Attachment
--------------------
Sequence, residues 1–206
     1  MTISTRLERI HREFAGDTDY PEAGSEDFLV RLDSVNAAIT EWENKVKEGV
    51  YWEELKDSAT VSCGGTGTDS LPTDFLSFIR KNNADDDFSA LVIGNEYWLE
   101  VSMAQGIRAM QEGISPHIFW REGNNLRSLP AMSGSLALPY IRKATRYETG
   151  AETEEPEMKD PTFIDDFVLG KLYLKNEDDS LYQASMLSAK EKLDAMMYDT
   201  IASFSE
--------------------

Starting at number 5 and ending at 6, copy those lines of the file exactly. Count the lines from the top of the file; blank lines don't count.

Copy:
   151  AETEEPEMKD PTFIDDFVLG KLYLKNEDDS LYQASMLSAK EKLDAMMYDT
   201  IASFSE